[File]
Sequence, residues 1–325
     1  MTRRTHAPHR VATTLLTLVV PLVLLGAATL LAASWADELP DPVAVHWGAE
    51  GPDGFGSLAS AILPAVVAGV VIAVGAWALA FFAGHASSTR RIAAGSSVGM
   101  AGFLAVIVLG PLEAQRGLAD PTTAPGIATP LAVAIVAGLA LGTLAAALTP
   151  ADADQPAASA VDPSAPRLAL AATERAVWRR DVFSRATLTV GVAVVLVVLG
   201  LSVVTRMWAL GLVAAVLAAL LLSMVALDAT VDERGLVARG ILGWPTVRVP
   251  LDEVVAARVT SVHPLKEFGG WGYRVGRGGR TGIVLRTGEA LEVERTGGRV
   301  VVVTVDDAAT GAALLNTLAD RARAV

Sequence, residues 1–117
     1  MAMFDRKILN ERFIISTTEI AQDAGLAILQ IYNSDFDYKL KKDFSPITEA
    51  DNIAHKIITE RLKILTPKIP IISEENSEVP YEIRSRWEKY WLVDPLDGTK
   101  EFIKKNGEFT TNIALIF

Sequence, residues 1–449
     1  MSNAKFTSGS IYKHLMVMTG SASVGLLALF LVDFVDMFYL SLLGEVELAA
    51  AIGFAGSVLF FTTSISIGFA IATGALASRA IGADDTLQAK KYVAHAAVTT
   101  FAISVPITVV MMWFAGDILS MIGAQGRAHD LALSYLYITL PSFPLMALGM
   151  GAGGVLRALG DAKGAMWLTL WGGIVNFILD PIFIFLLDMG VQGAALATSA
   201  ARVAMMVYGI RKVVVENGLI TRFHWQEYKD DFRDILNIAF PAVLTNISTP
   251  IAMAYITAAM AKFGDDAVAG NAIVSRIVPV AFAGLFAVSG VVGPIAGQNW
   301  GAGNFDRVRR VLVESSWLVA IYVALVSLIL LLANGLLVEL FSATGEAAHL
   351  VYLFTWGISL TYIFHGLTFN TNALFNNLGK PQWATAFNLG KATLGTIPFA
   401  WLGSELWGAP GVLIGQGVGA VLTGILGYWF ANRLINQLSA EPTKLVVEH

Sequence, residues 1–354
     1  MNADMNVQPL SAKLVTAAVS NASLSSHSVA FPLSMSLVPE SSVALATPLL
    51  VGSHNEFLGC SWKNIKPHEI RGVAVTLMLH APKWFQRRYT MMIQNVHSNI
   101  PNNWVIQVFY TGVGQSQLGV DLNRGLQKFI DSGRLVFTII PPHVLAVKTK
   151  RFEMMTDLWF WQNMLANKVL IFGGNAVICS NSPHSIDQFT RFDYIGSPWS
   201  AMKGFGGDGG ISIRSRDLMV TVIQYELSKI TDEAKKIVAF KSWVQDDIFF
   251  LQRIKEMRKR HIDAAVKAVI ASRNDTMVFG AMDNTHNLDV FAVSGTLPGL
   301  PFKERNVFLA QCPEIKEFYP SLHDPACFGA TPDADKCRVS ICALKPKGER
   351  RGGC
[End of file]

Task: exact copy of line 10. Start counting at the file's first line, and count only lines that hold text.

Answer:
     1  MAMFDRKILN ERFIISTTEI AQDAGLAILQ IYNSDFDYKL KKDFSPITEA